US Issues Cybersecurity Directive for Airlines and Railroads

US Issues Cybersecurity Directive for Airlines and Railroads

Nearly all railroads and airlines in the United States have been ordered to report cybersecurity breaches to the federal government. 

Under the new Transportation Security Administration–issued mandate, rail operators, airport operators, and airline operators will be required to report cybersecurity incidents to the Cybersecurity and Infrastructure Security Agency within 24 hours of detection.

All three types of operators will also have to designate a cybersecurity coordinator. The mandate applies to both passenger and freight railroads.

Other requirements included in the mandates are that railroad operators must complete a vulnerability review to determine how susceptible they are to cyber-attacks. They must also create and implement a cybersecurity incident response plan.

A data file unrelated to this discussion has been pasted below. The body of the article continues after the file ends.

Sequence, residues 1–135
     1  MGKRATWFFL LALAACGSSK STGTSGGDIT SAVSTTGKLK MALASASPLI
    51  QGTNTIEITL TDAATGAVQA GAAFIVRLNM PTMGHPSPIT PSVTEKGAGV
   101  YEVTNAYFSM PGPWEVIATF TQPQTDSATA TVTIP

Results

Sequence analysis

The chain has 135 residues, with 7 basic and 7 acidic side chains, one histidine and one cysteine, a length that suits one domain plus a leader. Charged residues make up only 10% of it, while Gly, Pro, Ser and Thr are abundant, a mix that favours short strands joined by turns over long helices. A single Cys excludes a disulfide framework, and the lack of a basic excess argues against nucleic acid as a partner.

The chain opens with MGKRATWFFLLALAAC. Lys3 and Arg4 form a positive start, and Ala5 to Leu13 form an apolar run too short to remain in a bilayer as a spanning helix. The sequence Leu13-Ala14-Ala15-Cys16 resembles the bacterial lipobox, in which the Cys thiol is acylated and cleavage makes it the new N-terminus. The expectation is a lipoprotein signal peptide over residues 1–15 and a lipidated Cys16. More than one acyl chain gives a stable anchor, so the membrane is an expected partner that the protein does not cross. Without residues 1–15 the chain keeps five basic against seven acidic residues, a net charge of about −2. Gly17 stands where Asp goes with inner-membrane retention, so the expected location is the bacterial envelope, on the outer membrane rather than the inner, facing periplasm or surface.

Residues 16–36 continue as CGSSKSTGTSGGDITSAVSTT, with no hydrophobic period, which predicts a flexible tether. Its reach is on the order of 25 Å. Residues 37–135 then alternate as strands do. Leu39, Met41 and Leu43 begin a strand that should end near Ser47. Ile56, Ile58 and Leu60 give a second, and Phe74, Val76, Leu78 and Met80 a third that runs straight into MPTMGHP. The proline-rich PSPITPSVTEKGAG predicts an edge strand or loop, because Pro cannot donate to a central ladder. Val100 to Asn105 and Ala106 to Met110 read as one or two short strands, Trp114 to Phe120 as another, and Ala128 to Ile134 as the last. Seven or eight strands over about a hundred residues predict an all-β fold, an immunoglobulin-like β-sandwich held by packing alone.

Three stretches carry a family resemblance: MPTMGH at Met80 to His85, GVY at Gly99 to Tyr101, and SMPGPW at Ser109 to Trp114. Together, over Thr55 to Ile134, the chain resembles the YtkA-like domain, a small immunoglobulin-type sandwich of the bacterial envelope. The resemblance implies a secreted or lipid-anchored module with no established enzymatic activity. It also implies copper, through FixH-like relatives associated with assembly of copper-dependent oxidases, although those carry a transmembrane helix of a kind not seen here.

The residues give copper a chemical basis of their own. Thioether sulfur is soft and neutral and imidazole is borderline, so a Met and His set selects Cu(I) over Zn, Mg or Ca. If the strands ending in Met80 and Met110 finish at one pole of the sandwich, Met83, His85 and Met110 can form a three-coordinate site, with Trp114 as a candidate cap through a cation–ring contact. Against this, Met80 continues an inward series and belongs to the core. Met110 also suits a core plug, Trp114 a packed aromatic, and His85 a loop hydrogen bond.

The fresh security regulations were announced by senior officials at the US Department of Homeland Security (DHS) on Thursday and will come into force on the last day of this month. 

“Cybersecurity incidents affecting transportation are a growing, evolving and persistent threat,” Victoria Newhouse, TSA’s deputy assistant administrator, told the House Transportation Committee on Thursday. 

“Across US critical infrastructure, cyber threat actors have demonstrated their willingness and ability to conduct malicious cyber activities targeting critical infrastructure by exploiting the vulnerability of operational technology and information technology systems.”

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